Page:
Slow down acute reactions and neutralize the toxic effects of other foods, and also lubricate and nourish the body. Honey, dates, shiitake mushroom, taro, sweet potato, potato, pumpkin, carrot, glutinous rice, peas, soybean, rice, wheat, corn, sugar cane, peanut, milk, apple, pears, cherry, chestnut, grapes, lotus seed, longan aril, carps and abalone.
Sour Liver
Gall bladder
The astringent character helps to arrest abnormal discharge of fluids and other substances from the body, such as diarrhea, emission and heavy sweating. Lemon, tomatoes, pineapple, apple, strawberry, papaya, pears, loquat fruit, oranges, tangerines, peaches, hawthorn fruit, olives, pomegranate, plums, pomelo, mango, grapes, vinegar and royal jelly.
Bitter Heart
Small intestine
Clear heat, dry dampness, stimulate appetite, and promote lowering effects like urination and bowel movements. Bitter gourd, Indian lettuce, wine, vinegar, lotus leaf, tea leaf, turnips, apricot seed, lily bulb, gingko, plum kernel, peach kernel, seaweed, pig's liver, bergamot, arrowhead, asparagus, wild cucumber and coffee.
Salty Kidney
Bladder
Dissipate accumulations, soften hardness, nourish blood, and lubricate intestines to induce bowel movements. Amaranths, millet, barley, laver, preserved jellyfish, seaweed, kelp, sea clams, sea shrimps, oyster, crabs, sea cucumber, field snail, pork, pig's bone marrow, pig's blood, pig's organs, razor clam, dried mussel, ham, pigeon's egg, abalone, duck meat and cuttlefish.
Coix seed is bland and sweet in flavors, cool in energy and tends to move downward and inward.

Some foods may possess two different flavors or a bland flavor which means it has little or not taste. For example, cucumbers have both sweet and bland flavors. Foods with a bland flavor usually promote urination and may be used as diuretic, coix seed and wax gourd are outstanding examples of this kind. In addition, foods with a strong scent are categorized as "aromatic", such as basil, fennel, coriander, peppermint and citrus fruits. These foods can be eaten to enliven the spleen, stimulate appetite, promote qi(vital energy) circulation, resolve dampness and turbidity, refresh the mind, open up the orifices, and detoxify.

 

3. The movements of foods
Food acts on the body through specialized movements. Depending on the properties of food, food moves in different regions within the body and can driveqi (vital energy) in the same direction as well. TCM claims that disease is caused when any of the external or exogenous evils exert too much influence on our body, foods that have specialized movements can be used to counter these evils. For example, when a person suffers from mild flu (which caused by exogenous wind invasion), foods with a floating action such as green onion and fresh ginger can expel the evils out of the body.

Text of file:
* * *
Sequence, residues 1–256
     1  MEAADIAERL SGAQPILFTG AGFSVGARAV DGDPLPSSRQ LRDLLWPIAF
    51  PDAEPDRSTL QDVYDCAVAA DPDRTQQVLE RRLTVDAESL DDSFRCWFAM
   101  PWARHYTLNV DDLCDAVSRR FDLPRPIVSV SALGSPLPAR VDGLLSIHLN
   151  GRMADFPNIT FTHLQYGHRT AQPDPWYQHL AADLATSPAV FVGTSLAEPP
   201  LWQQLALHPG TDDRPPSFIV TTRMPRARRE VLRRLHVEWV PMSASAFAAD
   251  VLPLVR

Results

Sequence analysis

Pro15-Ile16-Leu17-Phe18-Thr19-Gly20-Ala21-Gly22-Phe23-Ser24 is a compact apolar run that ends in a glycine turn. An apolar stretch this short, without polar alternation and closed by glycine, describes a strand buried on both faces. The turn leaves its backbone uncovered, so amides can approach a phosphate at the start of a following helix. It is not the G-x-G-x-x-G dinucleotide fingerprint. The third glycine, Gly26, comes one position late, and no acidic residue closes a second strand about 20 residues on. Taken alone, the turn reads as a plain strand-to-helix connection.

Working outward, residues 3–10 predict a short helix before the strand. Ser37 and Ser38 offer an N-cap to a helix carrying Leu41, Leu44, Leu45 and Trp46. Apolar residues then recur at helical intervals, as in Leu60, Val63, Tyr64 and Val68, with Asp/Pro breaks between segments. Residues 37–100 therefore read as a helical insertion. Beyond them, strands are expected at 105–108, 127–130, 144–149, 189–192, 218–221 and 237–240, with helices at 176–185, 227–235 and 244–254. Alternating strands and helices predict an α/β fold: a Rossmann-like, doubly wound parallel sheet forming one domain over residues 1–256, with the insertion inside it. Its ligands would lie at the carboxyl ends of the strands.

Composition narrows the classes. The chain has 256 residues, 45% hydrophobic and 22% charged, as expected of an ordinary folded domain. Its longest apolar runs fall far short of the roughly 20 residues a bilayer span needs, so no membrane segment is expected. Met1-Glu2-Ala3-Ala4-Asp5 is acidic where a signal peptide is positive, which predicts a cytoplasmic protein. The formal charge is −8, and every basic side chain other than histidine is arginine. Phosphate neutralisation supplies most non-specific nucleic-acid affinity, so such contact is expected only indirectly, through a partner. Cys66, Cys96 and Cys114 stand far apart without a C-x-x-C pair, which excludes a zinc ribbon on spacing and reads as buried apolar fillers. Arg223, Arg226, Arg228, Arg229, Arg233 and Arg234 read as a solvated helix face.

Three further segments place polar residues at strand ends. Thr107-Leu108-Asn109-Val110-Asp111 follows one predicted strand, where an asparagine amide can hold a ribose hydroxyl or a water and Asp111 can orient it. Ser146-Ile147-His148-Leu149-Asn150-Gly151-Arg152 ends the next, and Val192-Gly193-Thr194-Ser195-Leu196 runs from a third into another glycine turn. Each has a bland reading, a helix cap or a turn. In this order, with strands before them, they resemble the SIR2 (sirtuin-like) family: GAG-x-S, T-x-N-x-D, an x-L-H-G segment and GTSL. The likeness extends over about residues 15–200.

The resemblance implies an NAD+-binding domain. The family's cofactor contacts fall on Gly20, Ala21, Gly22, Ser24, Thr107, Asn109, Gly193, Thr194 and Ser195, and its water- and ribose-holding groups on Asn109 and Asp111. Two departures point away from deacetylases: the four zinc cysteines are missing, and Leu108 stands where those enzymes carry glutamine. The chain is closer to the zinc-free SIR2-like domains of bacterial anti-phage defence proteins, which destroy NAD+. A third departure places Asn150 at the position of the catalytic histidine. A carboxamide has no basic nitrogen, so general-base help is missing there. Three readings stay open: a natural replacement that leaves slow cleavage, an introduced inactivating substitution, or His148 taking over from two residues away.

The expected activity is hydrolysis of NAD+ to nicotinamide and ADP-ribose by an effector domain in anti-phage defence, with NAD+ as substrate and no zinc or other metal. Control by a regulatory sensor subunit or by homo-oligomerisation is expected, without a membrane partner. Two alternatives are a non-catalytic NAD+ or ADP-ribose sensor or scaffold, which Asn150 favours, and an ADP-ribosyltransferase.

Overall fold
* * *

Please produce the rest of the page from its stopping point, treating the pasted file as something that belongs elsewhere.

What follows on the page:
TCM has classified the movements of foods into four aspects.
TCM food movements Actions Effects Food samples Associated properties of food
Lifting To move from lower region towards upper region The upward movements arrest diarrhea, and hold internal organs in their proper places (to prevent them prolapse or sinking) Wine Warm or hot in energy, pungent or sweet in flavor.
Floating To move from inside towards outside The outward movements induce perspiration and dissipate body heat Ginger
Lowering To move from upper region towards lower region The downward movements relieve vomiting, hiccupping, coughing and panting Salt Cool or cold in energy, sour or bitter or salty in flavor.
Sinking To move from outside towards inside The inward movements slow down bowel movements and relieve abdominal distention Vinegar
Lifting Lowering Floating Sinking
The four movements of food: upward, downward, outward and inward.
In general, foods like leaves and flowers and those with light and loose qualities possess a tendency to move upwards or outwards; while roots and seeds and fruits that are heavy and hard in qualities possess a tendency to move downwards or inwards. However there are many other exceptions and some foods can move in two directions e.g. lettuce possess both downward and inward movements.
Honey is sweet in flavor and neutral in energy, it can moisten the inner body, promote bowel movements, tonify the middle burner, slow down acute reactions, detoxify and lower blood pressure.

Two other terms are also used to describe the movements of foods: glossy (sliding) and astringent. Glossy foods such as honey, banana, white fungus and milk facilitate movement by acting as a lubricant. This is why these are good for constipation and internal dryness. On the other hand, astringent foods such as guava, plum, euryale seed and lotus seed slow down movement, which is good for diarrhea and seminal emission. The movements of foods can be changed through certain methods of cooking.


References

English References:
1. Chinese System of Food Cures Prevention & Remedies by Henry C. Lu.Sterling Publishing Co., Inc. 1986.
2. The Tao of Food, Richard Craze and Ronifjay, 1999 Godsfield Press.
3. Chinese Food: a Holistic Therapy by Tom Neuhaus, www.hopedance.org
4. Medicinal Food in China by Junshi Chen, M.D. http://newcenturynutrition.com
5. Cooling the Summer with Food: An Introduction to Medicinal Foods by Yanfang Wang, M.D., Ph.D. http://newcenturynutrition.com
 

 

Beautiful feature image photo by Jenny Dorsey on Unsplash